Inauguration Day, 2013

It is cold today in Minnesota–minus 10 on the thermometer on the backyard deck. Two thin-tailed squirrels shiver as they cram their mouths with sunflower seeds. All kinds of birds flock–blue jays dip into the heated bird bath, cardinals alight like rubies in the drooping needes of the white pine, and myriads of finches and nuthatches, chickadees and juncos, pigeons and sparrows select seeds from the ground or hanging feeders. More birds all at once than in milder weather–a feast for the eyes as I help them feast to survive the cold, cold night.

     It is a day for inaugurating a president, cold and windy even in Washington, D.C., yet a huge hoard has assembled to celebrate. I love the TV closeups of children with peaches and cream, chocolate cream or honey-colored complexions, laughing eyes and tiny American flags. Our capital is a city of mostly African-Americans, a fitting place for Barack H. Obama, our first African-American president, to be inaugurated into his second term.

     He is a rather formal man, though when he smiles, his face lights up. Yet, even then, there is nothing self-satisfied or teasing about him. He is a man familiar with struggle, even hardship. He emphathizes with those who struggle and with the wide-ranging challenges we must adddress. We, the people, he repeats again and again during his address. It is this appeal to our shared accomplishments and continued need to struggle that, I think, won him re-election

     I hadn’t planned to watch, yet now that the President and his lovely family are assembled, I begin weeping with pride. I take to heart his emphasis on democracy, on our past struggles: to abolish slavery, to assure civil rights to all. We have so much now before us, for as he says, our needs and challenges change, In clear and resounding language he identifies them.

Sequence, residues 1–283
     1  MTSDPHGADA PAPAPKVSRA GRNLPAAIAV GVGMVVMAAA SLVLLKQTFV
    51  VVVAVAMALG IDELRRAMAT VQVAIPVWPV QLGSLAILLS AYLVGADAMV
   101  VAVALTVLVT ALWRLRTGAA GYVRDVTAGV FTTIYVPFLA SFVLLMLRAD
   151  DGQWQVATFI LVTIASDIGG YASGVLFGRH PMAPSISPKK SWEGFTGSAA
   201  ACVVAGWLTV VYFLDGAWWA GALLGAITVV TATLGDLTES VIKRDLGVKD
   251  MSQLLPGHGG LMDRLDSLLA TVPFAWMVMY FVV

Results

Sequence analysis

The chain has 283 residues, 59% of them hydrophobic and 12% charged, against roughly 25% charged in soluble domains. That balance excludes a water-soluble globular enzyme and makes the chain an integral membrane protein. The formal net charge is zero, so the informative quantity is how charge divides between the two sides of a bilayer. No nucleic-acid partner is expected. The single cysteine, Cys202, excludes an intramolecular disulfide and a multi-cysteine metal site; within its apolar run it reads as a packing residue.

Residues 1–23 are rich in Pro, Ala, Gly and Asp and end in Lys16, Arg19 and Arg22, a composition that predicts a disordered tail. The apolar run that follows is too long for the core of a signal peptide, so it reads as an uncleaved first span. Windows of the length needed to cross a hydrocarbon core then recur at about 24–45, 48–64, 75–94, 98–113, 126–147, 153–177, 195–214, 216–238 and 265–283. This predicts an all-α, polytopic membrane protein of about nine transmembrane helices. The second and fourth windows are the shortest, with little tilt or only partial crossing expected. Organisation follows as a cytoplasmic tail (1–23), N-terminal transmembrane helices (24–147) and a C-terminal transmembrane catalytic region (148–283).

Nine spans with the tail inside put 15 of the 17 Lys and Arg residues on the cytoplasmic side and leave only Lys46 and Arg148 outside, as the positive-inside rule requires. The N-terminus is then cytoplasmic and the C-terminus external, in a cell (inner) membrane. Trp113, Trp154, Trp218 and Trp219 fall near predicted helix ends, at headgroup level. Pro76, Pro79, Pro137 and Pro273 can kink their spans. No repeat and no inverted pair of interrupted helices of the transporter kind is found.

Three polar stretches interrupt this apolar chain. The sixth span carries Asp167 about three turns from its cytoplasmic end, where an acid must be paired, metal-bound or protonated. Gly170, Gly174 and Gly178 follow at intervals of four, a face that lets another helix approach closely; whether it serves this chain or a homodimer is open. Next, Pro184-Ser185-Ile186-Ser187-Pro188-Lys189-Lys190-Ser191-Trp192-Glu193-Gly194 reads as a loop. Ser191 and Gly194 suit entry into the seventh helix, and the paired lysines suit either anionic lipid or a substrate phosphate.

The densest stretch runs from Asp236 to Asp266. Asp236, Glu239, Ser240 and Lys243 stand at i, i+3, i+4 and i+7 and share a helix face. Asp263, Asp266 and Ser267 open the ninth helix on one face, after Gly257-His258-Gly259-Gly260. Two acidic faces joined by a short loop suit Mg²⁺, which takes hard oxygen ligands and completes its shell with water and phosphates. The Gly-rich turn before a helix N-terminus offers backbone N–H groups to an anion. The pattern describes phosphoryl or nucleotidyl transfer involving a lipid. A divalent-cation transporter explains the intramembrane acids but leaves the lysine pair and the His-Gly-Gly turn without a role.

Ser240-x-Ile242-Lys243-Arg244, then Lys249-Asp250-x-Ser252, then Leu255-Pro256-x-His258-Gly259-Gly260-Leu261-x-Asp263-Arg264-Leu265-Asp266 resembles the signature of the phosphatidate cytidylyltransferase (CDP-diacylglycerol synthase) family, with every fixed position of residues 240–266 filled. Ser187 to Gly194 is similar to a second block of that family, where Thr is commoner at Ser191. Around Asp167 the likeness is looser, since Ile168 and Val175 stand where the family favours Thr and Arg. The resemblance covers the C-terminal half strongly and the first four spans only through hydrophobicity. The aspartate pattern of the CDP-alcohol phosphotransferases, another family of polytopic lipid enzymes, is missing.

Most compelling are the perennial economic needs to retain what is strong in our entitlement programs, and rein in excess medical spending. To educate citizens for changing jobs and then provide those jobs. To recognize that we are all linked in a central government, yet not to ask that government to do everything.

     We must work for practical, sensible solutions, he says, even if partial. We must balance what we ask and what we as citizens can do on our own, in concert with neighbors, communities, businesses. We, the People–he calls on us to work great things. Passivity, he suggests, is as damaging as rigid adherence to narrow, ideological solutions. We must compromise. We must initiate.

     Finally, he sounds new notes: On climate change. Whether we agree or not, the evidence of climate change is all around us, in droughts, super storms, fires. We must prepare to meet these challenges and (I add) to mitigate what we can.

     On freedoms for all gay and lesbians to enjoy civil unions. On our right to vote swiftly without challenges. And on incouraging immigrants once again to come here and find acceptance, work, citizenship, and respect.

     A Mexican-American gay poet Jimmy Blanco reads a sweeping evocation of this broad land, with its changing landscape, language, histories, and work. Like the President’s speech, this was a very populist appeal. We, the Workers. We, the Immigrants. We, the People, entitled to protection and respect. 

     It is a day to feel proud that once again, We the People have helped inaugurate a hard-working, honest, sensible man, with a board vision, and yes, the ability to accomplish great things even if sometimes it seems the country falters, missteps, turns toward evil and destruction. This is a good time to hear from President Obama. In this cold season, We the People have time to think–about gun control and the right to “life, liberty and the pursuit of happiness.” To plan how we can urge, inform, initiate political change. To remember that We the People means all of us doing what we can to conserve, reuse, protect our natural resources.

      It’s a heady challenge. A time to be proud of what we can accomplish together.

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